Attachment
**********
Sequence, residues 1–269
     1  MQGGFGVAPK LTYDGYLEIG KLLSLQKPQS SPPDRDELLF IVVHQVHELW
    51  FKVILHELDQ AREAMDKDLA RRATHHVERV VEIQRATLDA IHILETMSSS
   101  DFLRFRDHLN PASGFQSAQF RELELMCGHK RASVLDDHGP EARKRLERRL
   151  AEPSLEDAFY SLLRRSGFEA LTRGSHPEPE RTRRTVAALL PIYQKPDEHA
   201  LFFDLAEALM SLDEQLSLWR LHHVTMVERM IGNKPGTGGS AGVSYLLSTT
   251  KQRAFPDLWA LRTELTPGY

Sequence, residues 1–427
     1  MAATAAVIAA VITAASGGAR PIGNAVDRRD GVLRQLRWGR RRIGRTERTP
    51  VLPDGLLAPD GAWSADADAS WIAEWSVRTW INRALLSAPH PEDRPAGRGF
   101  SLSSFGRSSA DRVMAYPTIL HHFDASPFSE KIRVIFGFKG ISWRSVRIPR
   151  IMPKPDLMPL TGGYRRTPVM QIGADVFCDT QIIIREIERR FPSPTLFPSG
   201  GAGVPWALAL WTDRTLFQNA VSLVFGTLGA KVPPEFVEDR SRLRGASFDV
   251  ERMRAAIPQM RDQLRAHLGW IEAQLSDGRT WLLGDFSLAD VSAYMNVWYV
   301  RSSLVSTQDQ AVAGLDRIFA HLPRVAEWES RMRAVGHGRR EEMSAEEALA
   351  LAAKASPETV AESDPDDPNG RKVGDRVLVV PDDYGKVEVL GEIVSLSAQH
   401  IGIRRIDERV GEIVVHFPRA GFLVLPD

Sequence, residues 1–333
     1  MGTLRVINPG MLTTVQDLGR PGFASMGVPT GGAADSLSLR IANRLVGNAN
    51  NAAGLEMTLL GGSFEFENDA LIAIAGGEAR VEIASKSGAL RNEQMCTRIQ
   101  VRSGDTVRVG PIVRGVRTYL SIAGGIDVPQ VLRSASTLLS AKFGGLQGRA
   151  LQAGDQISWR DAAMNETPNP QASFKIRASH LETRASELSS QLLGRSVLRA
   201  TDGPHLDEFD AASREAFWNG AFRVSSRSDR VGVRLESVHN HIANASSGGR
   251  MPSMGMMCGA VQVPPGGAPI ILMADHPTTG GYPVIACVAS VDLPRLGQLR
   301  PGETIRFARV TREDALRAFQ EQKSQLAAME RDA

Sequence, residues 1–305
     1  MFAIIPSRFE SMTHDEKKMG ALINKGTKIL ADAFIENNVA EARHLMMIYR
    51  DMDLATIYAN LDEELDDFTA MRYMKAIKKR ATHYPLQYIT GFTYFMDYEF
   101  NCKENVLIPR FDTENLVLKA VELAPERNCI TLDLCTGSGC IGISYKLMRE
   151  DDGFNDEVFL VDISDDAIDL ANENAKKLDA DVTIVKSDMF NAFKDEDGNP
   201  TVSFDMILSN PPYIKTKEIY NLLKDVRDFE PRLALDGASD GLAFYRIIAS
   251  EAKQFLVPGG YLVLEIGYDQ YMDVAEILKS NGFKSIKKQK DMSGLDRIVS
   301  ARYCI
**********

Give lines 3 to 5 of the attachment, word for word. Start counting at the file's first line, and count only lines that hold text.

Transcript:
    51  FKVILHELDQ AREAMDKDLA RRATHHVERV VEIQRATLDA IHILETMSSS
   101  DFLRFRDHLN PASGFQSAQF RELELMCGHK RASVLDDHGP EARKRLERRL
   151  AEPSLEDAFY SLLRRSGFEA LTRGSHPEPE RTRRTVAALL PIYQKPDEHA